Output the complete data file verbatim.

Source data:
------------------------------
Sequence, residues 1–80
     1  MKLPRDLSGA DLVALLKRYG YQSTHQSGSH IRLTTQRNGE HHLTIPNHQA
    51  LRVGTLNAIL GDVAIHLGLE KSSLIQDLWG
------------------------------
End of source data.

Sequence, residues 1–80
     1  MKLPRDLSGA DLVALLKRYG YQSTHQSGSH IRLTTQRNGE HHLTIPNHQA
    51  LRVGTLNAIL GDVAIHLGLE KSSLIQDLWG